Wednesday, February 26, 2014

Lesser Than, Greater Than

This is a very "out there" kind of post, and it has little practicality as far as application and usefulness go, but with it comes the hope that some may see the Word of God in a slightly more enveloping light. And to make it all the more enveloping, i must try to describe time and matter.

Since atoms convert into energy, they must end (the second law of thermodynamics, also known as entropy states this). Energy runs out, new atoms do not spawn. The universe is running out of matter and energy, and has been since "the beginning." So with that said, matter could not have existed for eternity. It requires a moment in which it began. This moment is also the moment that time was brought forth. So we are left with the idea that there was no time, and at some point time will again cease to be. There is a moment in between which we call the universe. And without time, there would be no start-point. There is a great paradox in this universe and it is answered only by matter being introduced from somewhere else, a place without time, a place where "forever to forever" is now and yesterday and will be tomorrow without distinction.
Hopefully that made some bit of sense. This was something incredibly difficult to try and expound before reading C.S. Lewis' Mere Christianity, but has since only become clearer in mind, not in word (and the chapter, "Is Theology Poetry?" from The Weight of Glory played no small part in the exposition of this idea).
In other words, the realm of God is more substantial and more real than this existence because it existed before this universe was born and already exists after this universe has died out.
Not to say that this existence isn't real, only that the existence that will be is more real. If this life is indeed a vapor, then what comes next must be something greater, thicker, and more present; a fluid. And just as a mist is easily passed through and an ocean much less, so this life is less substantial than the life that will be. Both are real, one just happens to have much greater substance to it.

And we are now presented with the Bible, the Word of God. I will call it our Anchor for various reasons to be explained.

The Bible is, obviously, paper and ink and binding, sometimes electrons forming letters on a screen, depending on the medium you choose to read it from. But despite that, the ideas, concepts, stories, chroniclings, poems, and the like within Scripture are considered "God-breathed" (2 Timothy 3:16).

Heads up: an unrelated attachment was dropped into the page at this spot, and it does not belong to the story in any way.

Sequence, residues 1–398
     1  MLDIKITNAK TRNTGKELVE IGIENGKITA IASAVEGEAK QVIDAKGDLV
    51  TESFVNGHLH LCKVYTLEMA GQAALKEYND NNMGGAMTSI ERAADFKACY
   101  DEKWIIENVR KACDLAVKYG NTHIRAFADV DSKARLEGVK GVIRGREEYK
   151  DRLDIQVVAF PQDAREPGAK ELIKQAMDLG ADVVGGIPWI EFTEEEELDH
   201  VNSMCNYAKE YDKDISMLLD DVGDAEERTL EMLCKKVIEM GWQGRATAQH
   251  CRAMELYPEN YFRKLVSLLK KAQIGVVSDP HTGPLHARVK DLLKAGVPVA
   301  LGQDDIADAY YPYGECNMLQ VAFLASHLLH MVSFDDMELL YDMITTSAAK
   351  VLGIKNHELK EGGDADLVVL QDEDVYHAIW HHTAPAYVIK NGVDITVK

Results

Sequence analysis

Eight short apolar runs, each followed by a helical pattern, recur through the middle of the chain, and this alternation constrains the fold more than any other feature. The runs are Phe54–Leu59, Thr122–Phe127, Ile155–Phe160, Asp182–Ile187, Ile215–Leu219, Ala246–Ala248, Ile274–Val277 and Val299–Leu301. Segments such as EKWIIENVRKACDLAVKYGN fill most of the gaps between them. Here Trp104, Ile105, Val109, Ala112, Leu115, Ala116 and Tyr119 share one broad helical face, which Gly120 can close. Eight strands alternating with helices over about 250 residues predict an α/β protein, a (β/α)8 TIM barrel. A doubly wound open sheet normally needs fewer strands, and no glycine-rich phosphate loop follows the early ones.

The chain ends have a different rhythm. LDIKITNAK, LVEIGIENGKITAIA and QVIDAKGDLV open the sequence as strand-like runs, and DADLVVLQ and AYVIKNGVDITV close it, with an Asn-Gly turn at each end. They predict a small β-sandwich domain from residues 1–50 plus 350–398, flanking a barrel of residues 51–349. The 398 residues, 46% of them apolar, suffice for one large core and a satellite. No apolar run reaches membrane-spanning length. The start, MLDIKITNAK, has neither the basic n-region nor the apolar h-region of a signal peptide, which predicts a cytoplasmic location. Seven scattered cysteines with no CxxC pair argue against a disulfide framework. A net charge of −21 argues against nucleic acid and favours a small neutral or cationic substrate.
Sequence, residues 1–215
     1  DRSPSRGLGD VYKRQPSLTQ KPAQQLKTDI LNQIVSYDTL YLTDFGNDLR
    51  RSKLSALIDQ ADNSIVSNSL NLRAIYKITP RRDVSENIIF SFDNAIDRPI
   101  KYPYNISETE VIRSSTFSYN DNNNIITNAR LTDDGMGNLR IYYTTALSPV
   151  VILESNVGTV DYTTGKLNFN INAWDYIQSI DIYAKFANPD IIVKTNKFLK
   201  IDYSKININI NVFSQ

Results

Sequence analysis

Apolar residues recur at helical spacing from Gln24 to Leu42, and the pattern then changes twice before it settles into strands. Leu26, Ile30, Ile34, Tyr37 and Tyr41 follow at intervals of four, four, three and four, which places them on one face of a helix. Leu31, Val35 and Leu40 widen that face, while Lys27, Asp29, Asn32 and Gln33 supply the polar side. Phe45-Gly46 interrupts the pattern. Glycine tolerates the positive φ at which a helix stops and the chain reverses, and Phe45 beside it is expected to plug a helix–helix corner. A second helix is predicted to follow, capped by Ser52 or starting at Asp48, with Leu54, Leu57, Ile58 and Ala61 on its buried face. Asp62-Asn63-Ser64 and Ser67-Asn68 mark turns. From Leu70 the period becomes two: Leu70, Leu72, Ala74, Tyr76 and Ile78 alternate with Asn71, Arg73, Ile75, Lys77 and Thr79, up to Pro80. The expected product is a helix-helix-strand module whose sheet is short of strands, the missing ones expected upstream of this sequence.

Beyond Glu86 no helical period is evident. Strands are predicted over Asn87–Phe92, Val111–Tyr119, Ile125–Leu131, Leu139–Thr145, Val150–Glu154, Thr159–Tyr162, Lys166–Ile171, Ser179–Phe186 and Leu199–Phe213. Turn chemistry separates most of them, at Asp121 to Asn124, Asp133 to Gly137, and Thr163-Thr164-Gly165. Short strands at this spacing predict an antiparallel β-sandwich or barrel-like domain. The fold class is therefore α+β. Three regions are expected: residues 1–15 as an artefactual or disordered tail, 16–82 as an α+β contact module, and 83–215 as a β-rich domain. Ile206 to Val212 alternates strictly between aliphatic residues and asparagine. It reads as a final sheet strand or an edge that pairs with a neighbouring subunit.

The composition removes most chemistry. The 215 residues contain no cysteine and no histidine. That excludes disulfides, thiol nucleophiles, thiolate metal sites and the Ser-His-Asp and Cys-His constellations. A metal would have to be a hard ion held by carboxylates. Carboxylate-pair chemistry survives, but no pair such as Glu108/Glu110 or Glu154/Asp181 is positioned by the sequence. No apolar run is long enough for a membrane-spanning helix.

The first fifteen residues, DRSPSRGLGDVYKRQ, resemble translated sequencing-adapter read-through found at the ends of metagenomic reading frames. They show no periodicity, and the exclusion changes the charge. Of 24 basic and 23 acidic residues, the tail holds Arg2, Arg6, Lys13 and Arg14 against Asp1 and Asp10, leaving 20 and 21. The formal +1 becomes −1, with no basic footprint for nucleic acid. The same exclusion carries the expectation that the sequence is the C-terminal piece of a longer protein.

To take that as literal, to see the entirety of Scripture as being born of the thoughts of God, formed by His breath, we are then faced with the Anchorhood of the Bible.
God is eternal, without beginning and without ending. And though this paper that will decompose in its due time is the Bible, the substance of the Bible itself will not fade. It will not fade because it is from God, from a place that already exists tomorrow and existed before this universe was set in motion. The Bible, or at least the nourishment of it, is our Anchor to that place.
If it is from there, it is, in its message, preeminent of all things in this universe. It is our tie to God's existence. The stories were known and chronicled before time began, and set to paper only after these things took place. It is a drop of water in the vapor of our lives. It is a bit of substance in a fog. It is more real than this life because it is from another that surpasses it.

It may seem vague in its description of Heaven and the hosts therein, God, and the physical implications of anything Spiritual, but only because it would be as trying to describe a three-dimensional world in a two-dimensional one where the word "depth" has no meaning. We could draw a cube, a facsimile, but it is in fact still two-dimensional there. This is why Jesus didn't say exactly what Heaven is, but rather what it is like. This is why Jesus spoke in parables; we can't grasp the literalism (or literalness if we're going by the dictionary) of it because this is a step away, a dimension down, seeing through a mirror darkly. To word it in its entirety, He would've used terms that have no meaning here, perhaps made noises we could not understand--perhaps like that of those individuals so under the influence of the Holy Spirit that they cease to speak in earthly dialects. Could this be merely the spirit of the man meeting the Spirit of God and not being able to say or describe, to or through its mortal vehicle, what is going on, what is being said, or what is being exchanged?

The Bible is not just a collection of words; it is our Anchor to an existence that was and is and is to come because it was and is and is to come because it is from the One who was and is and is to come.

No comments:

Post a Comment